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HIV discovery is top scientific breakthrough in 2011

HIVAn HIV discovery from clinical trials of researchers led by a scientist at the University of North Carolina-Chapel Hill was called by the journal Science as the most important scientific breakthrough of 2011.

The discovery was that early anti-retroviral drugs treatment significantly reduced by about 96 percent the risk of transmitting HIV from infected persons. That discovery may dramatically help reduce the spread of the disease.

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The journal featured its choice of ten scientific breakthroughs in its most recent online edition.

“In combination with other promising clinical trials, the results have galvanized efforts to end the world’s AIDS epidemic in a way that would been inconceivable even a year ago,” the journal said in its announcement of the scientific breakthroughs.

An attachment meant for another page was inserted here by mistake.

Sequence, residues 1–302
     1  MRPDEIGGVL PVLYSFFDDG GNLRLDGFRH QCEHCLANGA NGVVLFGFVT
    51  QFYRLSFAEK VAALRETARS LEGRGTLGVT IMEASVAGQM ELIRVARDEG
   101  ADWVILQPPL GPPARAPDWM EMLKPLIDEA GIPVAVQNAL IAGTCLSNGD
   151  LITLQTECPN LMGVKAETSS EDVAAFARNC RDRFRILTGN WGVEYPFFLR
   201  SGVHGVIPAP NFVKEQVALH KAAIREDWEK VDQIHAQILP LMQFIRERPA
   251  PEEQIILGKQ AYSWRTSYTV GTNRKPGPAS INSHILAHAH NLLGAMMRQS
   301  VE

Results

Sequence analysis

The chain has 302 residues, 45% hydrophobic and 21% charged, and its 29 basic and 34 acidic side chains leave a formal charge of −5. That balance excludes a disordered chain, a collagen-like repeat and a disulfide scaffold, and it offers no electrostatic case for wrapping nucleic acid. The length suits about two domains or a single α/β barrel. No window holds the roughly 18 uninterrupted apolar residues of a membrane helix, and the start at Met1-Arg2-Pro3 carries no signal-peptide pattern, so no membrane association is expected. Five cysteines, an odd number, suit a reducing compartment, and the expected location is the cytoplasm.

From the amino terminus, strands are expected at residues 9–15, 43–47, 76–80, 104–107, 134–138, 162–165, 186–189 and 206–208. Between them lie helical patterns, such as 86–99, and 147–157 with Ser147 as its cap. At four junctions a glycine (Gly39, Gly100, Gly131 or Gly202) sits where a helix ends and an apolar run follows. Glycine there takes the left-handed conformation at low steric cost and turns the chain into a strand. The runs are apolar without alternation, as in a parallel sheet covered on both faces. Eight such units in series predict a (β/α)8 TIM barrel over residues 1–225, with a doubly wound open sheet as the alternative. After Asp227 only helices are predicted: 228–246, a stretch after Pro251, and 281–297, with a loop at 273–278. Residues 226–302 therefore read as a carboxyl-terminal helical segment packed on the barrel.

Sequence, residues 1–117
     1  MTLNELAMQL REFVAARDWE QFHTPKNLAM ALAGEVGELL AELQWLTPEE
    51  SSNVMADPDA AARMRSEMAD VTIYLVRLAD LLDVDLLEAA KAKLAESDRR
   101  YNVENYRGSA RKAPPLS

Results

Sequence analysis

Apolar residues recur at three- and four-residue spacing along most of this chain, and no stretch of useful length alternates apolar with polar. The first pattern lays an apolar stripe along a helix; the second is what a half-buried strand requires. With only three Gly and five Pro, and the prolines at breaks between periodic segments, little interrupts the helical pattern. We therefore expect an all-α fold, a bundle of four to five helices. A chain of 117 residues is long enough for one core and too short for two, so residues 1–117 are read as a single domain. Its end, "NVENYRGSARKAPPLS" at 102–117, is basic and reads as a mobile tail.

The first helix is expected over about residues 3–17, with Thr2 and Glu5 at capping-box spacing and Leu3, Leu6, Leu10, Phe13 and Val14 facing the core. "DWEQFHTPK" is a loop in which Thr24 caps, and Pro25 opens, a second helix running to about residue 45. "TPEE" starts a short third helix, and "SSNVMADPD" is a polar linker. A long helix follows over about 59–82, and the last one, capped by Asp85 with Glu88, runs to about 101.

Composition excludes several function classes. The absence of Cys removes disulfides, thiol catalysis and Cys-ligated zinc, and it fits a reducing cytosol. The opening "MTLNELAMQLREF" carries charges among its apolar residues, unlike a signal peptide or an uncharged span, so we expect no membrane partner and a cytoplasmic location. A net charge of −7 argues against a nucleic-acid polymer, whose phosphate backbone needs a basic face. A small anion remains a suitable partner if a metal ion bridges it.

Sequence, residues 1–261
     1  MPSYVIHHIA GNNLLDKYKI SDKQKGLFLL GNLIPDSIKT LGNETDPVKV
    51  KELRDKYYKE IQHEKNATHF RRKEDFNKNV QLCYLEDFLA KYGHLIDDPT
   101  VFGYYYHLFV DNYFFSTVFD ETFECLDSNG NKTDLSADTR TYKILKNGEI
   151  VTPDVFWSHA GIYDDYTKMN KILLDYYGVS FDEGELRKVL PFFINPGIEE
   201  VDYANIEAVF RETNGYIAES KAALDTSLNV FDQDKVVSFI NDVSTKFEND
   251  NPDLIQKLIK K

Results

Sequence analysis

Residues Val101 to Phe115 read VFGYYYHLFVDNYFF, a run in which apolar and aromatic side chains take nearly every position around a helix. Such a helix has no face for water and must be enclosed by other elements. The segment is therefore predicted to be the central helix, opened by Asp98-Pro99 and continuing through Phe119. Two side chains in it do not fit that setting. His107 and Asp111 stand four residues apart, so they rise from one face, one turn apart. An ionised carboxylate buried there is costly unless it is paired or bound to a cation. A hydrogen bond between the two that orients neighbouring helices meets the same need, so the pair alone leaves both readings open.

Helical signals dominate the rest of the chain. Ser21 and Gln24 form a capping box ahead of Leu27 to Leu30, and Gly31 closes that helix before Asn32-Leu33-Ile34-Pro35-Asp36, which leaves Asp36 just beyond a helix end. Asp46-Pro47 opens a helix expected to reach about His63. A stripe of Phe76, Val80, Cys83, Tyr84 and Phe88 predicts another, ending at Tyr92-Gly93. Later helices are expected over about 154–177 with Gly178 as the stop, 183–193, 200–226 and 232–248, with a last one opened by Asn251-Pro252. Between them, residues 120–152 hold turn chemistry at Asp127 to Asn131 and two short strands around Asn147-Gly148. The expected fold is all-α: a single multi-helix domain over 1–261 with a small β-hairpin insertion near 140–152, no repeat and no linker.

The editorial stated further that:  “This is not to say that we can abandon the search for an AIDS vaccine or will profound change come overnight from the promise of using treatment as prevention. But for its role in making success conceivable, we have chosen the results of this trial as our Breakthrough of the Year.”

Dr. Myron S. Cohen, the director of the UNC Institute for Global Health and Infectious Diseases designed and organized the study. As principal investigator, he led an international team of colleagues in looking at the effects of drugs on disease transmission. The study covered over 1,700 heterosexual couples in nine countries that included: Botswana, Brazil, India, Kenya, Malawi, South Africa, Thailand, the United States, and Zimbabwe. One in each pair had an HIV infection while the other one was free of infection.

The National Institutes of Health funded the $73 million study that began in 2005 and was supposed to end in 2015. However, the results were so important that their early release was recommended by its independent monitoring board.

The discovery has been incorporated by the key public health international players in their policy guidelines for fighting AIDS.

The discovery is so important because the U.S. Agency for International Development estimates that AIDS has killed over 25 million people since 1981, when it was first reported. In addition to the loss of lives, the prevention efforts and treatment worldwide cost billions of dollars each year.

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